April 2, 2018
Tax officials went knocking on the doors of banks over the weekend, nudging them to fork out tax deducted from the interest on deposits, salaries and other heads well before they are required to under the law.
Banks and corporates are allowed to pay the TDS or the tax deducted at source for any month by the seventh of the next month. For March, the TDS can be paid on or before April 30.
However, tax officials — driven by stiff revenue targets and a green signal from the finance ministry — tried to persuade many private as well as state-owned banks to pay the TDS by March 31 so that the amount collected can be booked in the tax kitty for the financial year 2017-18.
In one of the large private banks, the Mumbai tax office even considered offering its technical assistance to enable the bank in computing the TDS number. Another institution was advised that if it could not calculate the exact TDS number for March 31, it could pay an amount which was close to the TDS of the previous quarter. The officials were acting on the basis of an internal note from the Central Board of Direct Taxes (CBDT), the apex body.
In a communiqué on the evening of March 28, CBDT commissioner Anand Jha told principal commissioners of large tax circles like Mumbai that the Department of Financial Services (DFS) has on the request of the board asked banks to deposit TDS of this quarter by March 31, a person aware of the development told ET. (DFS is a wing of the finance ministry).
According to this person, Jha, in the email, said: “I am directed to request you to take all measures to ensure that the due TDS is deposited by the banks assessed in your charge by 31.03.2018 and that the Budget targets are achieved now that the banks have been asked to advance the date of deposit of TDS.”
With the GST collection yet to stabilise, the income tax department has been on an overdrive this year.
Banks deduct TDS of 10% from interest earnings of more than Rs10,000 on deposit; so, a deposit of Rs 5 lakh, generating annual interest income of Rs 35,000 at 7% interest, would attract TDS of Rs 3,500. Besides salaries (on which TDS rates depend on income slabs), banks with large branch networks pay TDS of 10% on rent.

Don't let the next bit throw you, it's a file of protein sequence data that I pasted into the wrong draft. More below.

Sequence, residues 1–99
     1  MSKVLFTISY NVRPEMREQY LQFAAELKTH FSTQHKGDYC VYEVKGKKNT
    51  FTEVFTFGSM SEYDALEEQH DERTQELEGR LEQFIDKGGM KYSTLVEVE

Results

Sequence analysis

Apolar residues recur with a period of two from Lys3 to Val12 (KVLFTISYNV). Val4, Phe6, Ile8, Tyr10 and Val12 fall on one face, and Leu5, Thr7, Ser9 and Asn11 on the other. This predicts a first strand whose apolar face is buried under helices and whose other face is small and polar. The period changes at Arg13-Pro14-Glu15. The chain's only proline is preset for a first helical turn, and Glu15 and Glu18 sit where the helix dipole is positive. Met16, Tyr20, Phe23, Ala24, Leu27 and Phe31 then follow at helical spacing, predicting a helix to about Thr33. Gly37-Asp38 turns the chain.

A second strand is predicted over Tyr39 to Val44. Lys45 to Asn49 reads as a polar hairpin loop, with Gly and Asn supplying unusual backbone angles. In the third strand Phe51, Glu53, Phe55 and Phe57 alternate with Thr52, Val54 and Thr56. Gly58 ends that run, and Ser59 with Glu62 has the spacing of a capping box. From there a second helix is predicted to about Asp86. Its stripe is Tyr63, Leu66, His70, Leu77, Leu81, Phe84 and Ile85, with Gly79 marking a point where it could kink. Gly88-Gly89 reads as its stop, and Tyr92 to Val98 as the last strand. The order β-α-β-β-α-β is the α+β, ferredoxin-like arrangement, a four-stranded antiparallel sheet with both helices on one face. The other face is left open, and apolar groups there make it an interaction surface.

“Any such CBDT circular directing commissionerates to advance the date for submitting TDS can only be a temporary solution. It does not help the government in the long term. If the tax liability for this year has to be discharged before March 31, it would result in lower the collection next year. Corporates and banks with enough liquidity might not have had a problem in complying though the TDS work added to the usual rush and work load during a financial closing. However, as per the provisions of the Income Tax Act, if for any reason, this direction is not complied with and the payment could not be made not by end March, it would not amount to a violation of law. Moreover, the instruction was issued too late,” said senior chartered accountant Dilip Lakhani.
In the past tax officials had requested assesses to pay the TDS in advance. However, this year the department was more aggressive.
According to Lakhani, corporates which faced cash-flow problems preferred using the money to service bank loans and avoid an NPA tag to depositing it as TDS before March 31.
CBDT members, probably acting on the instruction of the finance ministry, have over regular video conferences pushed tax circles to look for areas of concealment of income and improve tax collection as much as possible. This year, thousands of individual tax payers and business entities have received notices under Section 148 of the Income Tax Act which tries to capture earnings that have escaped the tax net.
In many cases, homemakers with no taxable income have received notices because their names figured as joint account holders or investors in mutual fund schemes.
“Eventually, they would be spared by the department. But persons receiving such notices would have to go through the pain of explaining their respective cases,” said another practitioner.
[The Economic Times]